Elderly Woman Strangled By Medical Alert Necklace After Fall

The necklace did not have a breakaway clasp on it, the coroner said.
The woman's medical alert necklace, a similar one seen here, did not feature a breakaway clasp on it.
The woman's medical alert necklace, a similar one seen here, did not feature a breakaway clasp on it.

An elderly Pennsylvania woman died after her medical alert necklace reportedly strangled her in what's being called a "freak accident."

Roseann DiFrancesco, 86, was in her New Cumberland home when she tripped and the necklace became caught on her walker, PennLive reported.

The necklace, which is provides users with a help button in such emergencies, began choking her. She was found dead by a visiting nurse on Feb. 15, Fox 43 reported.

Cumberland County Coroner Charles Hall told PennLive that her necklace did not have a breakaway clasp. Hall, who referred to the death as a "freak accident," said he wasn't sure whether it came with her medical alert device or was a replacement.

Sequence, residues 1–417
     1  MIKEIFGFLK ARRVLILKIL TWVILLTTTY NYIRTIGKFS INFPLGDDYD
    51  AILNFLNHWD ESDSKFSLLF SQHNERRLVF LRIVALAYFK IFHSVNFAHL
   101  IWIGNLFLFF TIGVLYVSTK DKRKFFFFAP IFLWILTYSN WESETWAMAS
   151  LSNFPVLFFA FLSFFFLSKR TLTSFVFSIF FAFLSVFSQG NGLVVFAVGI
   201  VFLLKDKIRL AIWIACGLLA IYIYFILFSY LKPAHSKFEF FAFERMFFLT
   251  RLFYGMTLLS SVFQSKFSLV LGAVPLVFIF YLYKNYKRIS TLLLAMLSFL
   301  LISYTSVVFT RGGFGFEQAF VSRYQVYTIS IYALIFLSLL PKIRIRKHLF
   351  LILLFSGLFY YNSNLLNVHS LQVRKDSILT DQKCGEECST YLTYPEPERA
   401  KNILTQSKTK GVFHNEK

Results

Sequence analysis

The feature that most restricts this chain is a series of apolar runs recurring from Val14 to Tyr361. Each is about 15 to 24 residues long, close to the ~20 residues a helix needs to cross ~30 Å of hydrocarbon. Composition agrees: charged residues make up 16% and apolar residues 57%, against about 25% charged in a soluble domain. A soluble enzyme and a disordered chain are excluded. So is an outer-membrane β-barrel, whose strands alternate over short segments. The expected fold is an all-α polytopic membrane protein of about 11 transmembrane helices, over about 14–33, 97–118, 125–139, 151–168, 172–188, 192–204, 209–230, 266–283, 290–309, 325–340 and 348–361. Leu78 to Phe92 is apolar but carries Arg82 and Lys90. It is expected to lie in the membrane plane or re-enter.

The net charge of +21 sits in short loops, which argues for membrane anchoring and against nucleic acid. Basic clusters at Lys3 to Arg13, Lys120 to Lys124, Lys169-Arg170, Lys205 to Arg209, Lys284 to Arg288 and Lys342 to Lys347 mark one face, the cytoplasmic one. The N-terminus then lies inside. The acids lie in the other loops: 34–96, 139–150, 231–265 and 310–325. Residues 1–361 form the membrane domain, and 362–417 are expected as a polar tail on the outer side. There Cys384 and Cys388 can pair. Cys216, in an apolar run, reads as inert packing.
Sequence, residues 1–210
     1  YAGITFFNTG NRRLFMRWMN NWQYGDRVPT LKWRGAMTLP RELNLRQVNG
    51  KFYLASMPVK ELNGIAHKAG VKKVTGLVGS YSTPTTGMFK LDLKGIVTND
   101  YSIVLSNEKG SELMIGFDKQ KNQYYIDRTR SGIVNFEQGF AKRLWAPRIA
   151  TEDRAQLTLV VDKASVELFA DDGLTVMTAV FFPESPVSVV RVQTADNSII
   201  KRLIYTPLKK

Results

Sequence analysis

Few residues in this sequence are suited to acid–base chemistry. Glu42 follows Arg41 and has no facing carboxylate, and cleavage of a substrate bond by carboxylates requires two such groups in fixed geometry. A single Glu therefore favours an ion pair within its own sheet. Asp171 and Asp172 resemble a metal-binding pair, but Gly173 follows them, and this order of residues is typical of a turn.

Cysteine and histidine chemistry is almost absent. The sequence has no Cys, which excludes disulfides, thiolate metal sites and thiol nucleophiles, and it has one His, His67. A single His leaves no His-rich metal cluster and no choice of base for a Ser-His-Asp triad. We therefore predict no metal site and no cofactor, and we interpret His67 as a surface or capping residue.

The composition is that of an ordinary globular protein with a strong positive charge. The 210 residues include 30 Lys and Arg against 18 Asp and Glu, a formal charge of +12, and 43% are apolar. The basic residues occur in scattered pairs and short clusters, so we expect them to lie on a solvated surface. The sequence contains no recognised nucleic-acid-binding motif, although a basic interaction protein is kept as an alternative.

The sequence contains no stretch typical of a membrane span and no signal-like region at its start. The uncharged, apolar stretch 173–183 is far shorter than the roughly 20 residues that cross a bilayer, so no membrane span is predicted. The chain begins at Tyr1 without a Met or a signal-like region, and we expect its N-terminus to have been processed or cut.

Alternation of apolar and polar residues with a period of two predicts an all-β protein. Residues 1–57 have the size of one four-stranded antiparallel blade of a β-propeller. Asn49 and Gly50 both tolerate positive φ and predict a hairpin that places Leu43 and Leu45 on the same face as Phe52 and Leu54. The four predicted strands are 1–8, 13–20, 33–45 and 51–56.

In 2009 the Food and Drug Administration cautioned of such choking hazards related to these devices.

They said at least six choking deaths, between 1998 and 2009, were blamed on cords connected to the Philips Lifeline Personal Help Button. In 2011 Philips Lifeline issued a recall on neck cords that failed to separate and designed all future cords to have a breakaway safety feature.

The company also offers the option of wearing an alert button on the wrist.

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